In Focus: Meet Our Female Faculty
Andrea Birch, MD, Associate Professor of Clinical Radiology and Radiological Sciences* and Director of the Office of Diversity and Inclusion for the VUMC Radiology, is a breast imaging radiologist. She earned her medical degree from Meharry Medical College and completed a residency in Diagnostic Radiology at St. Francis Medical Center and a fellowship in Ultrasonography at the University of Tennessee. She practiced at the University of Tennessee for 10 years and joined the Vanderbilt faculty in 2009.
What most influenced your career path?
I experienced an anaphylactic reaction when I was nine years old, necessitating hospitalization. The care I received, coupled with the compassion and empathy I was shown, sparked my interest and curiosity in medicine.
As a teen, I had the opportunity to work with my uncle, an orthopedic surgeon. That experience solidified my desire to become a physician.
My first exposure to radiology, also while a teenager, came through an introduction to Dr. Sandra Bates, a black female radiologist. What started as help with a high school science project became a mentorship that I cherish even to this day. She helped me see, through her example, the many ways that radiology could align with my interests, be rewarding, and allow me to serve my community.
What do you love about Vanderbilt University Medical Center (VUMC)?
I love the opportunity Vanderbilt provides to collaborate with and help support such a diverse group of medical professionals. Each leveraging their unique talents and experiences to not only maintain excellence in health care and research, but just as important, to help mitigate health care barriers, disparities, and biases. It is important to me that VUMC has made a commitment, backed up by an investment of time and resources, to be a world leader both in providing unsurpassed health care and in “making diversity intentional.” This commitment has in turn allowed me to meet a personal goal: to have a positive impact on our multicultural and diverse patient population and our community on a daily basis.
Tell us a little about your work as the department's Director of the Office of Diversity and Inclusion?
As director of the department’s diversity and inclusion initiative, my role is to help close our diversity and inclusion gaps. I help our department attract and retain URM trainees and ensure that their voices are heard and their differences celebrated.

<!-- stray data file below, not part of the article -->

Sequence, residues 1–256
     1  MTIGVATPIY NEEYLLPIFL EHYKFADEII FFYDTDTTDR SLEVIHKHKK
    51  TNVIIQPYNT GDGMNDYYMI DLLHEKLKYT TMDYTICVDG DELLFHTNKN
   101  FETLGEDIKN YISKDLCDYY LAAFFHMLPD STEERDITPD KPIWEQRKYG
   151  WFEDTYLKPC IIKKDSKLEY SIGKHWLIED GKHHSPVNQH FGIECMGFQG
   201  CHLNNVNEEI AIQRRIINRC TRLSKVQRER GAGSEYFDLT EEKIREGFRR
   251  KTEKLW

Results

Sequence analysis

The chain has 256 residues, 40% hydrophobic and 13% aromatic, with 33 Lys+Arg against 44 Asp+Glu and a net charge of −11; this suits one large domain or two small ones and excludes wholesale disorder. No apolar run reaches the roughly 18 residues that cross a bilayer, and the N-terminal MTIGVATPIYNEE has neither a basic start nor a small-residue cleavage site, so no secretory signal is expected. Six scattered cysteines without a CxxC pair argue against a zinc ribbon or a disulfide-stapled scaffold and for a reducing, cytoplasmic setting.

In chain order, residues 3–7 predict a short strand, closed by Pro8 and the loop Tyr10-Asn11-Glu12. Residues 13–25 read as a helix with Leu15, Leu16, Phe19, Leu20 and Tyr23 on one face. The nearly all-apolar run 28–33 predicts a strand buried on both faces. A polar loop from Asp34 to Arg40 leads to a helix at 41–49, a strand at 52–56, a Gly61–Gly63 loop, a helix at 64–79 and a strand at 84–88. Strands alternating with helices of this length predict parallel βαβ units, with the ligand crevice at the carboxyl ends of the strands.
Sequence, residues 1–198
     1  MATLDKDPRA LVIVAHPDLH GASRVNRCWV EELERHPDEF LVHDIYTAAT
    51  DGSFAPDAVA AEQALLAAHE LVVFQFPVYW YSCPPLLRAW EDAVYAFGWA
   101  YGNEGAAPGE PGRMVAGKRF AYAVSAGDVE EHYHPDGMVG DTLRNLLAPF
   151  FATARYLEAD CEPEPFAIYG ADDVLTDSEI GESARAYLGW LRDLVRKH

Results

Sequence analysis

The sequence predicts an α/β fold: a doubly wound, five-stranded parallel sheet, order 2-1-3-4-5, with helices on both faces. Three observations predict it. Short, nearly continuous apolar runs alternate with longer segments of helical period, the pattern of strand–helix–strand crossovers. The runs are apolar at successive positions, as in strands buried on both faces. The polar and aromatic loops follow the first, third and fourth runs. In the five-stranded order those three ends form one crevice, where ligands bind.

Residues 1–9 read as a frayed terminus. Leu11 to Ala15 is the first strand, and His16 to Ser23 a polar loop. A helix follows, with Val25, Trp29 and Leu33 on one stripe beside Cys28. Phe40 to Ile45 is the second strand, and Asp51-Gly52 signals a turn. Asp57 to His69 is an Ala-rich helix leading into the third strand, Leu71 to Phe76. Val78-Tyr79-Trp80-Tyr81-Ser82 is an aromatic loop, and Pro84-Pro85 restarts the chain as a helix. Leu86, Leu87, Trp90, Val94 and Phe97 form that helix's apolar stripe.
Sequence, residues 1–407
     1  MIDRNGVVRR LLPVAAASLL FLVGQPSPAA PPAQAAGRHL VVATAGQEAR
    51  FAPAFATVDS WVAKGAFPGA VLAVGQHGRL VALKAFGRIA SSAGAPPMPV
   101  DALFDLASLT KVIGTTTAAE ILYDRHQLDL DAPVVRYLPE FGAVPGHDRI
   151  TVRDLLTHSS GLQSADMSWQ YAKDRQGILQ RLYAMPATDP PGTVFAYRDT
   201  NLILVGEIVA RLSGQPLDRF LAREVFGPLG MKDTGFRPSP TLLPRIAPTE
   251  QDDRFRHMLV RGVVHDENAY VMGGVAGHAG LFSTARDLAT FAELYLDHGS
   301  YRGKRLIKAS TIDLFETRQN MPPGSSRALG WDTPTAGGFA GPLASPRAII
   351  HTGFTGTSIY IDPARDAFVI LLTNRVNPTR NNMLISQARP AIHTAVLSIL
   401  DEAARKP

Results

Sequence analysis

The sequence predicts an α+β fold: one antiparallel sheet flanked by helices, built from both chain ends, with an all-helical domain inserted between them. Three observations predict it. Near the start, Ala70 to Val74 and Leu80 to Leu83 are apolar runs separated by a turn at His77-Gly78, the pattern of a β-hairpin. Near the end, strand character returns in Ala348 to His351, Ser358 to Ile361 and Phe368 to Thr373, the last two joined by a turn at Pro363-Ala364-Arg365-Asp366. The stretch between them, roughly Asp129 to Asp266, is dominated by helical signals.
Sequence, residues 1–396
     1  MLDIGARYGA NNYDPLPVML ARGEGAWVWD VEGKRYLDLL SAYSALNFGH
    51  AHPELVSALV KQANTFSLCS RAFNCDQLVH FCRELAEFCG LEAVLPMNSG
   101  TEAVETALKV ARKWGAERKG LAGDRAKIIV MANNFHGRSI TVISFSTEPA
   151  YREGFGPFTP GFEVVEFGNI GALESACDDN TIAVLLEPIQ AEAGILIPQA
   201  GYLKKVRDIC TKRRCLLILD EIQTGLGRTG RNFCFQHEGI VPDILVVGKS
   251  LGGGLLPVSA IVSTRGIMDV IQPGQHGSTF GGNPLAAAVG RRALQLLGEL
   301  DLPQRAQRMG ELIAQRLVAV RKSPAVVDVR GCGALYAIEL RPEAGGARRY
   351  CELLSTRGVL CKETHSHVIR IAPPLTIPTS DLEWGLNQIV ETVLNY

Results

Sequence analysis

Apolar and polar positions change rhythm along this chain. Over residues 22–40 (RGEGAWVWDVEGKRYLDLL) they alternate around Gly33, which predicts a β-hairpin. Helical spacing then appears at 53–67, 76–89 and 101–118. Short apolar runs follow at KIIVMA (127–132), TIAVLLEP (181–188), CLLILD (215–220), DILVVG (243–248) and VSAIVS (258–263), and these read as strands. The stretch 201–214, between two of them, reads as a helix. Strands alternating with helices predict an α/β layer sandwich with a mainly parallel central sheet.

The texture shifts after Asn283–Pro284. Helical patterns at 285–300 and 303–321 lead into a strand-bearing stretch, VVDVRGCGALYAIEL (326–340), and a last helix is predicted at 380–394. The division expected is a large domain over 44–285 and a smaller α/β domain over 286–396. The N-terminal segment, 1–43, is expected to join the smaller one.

I also work to get women and URMs interested in medicine, specifically in radiological fields. I spend a lot of time advising and mentoring students. I give many talks to younger students to introduce them to radiology – even as far down the pipeline as elementary school!
I have learned that the largest impact is made one person at a time.
VUMC Radiology Faculty and Trainees, 2019
What are three things that have allowed you to have success in your field?
To say the field of radiology is in constant state of flux, with technological advances, evolving disease entities and treatments, and alternative models of practice to name just a few examples, is an understatement. Change is sometimes difficult, but in radiology, embracing change and practicing life-long learning is truly a requirement.
The only place that success comes before work is in the dictionary. Hard work is truly the foundation that has provided me with the privilege of having a successful career.
You can’t take yourself too seriously. Create a village of family, friends and colleagues upon whom you can rely not only to celebrate your accomplishments and assuage your fears and failures, but also to keep you humble.
What is the greatest challenge you've faced? How did you overcome it and who helped you?
My greatest challenge has been creating and maintaining a healthy life-work balance. Knowing my passions and what brings me joy have been key elements in helping me align my work commitments and my personal life.
What challenges did you face early in your career that are no longer barriers for women in science?
Having a patient or clinician question your competence or recommendations simply based on your race/gender is a hard pill to swallow. This and other challenges I faced as a black female radiologist 20-30 years ago were daunting. I felt dismissed at best, humiliated at worst, and certainly devalued and demeaned. I often felt like an outsider in a nearly all white male dominated field with no voice and no seat at the table. Over the years, that non-inclusive culture in radiology, and in society at large, has been challenged and is changing for the better.
Also, as a breast feeding mother, I had two options: pumping in the ladies restroom or in a space I referred to as the graveyard - a room that housed archaic radiology equipment. Thankfully, we've come a long way.
What is your advice to other women (faculty, residents, medical students)?
Put in the hard work to ensure that women have a seat at the head of the table, and that our voices are heard. Mentor and help equip others to become leaders too. Through your accomplishments, you honor the many whose shoulders support you, and illuminate the path for those who will follow you.
published February 2020
*update: Dr. Birch was promoted to Professor of Clinical Radiology and Radiological Sciences in July 2020.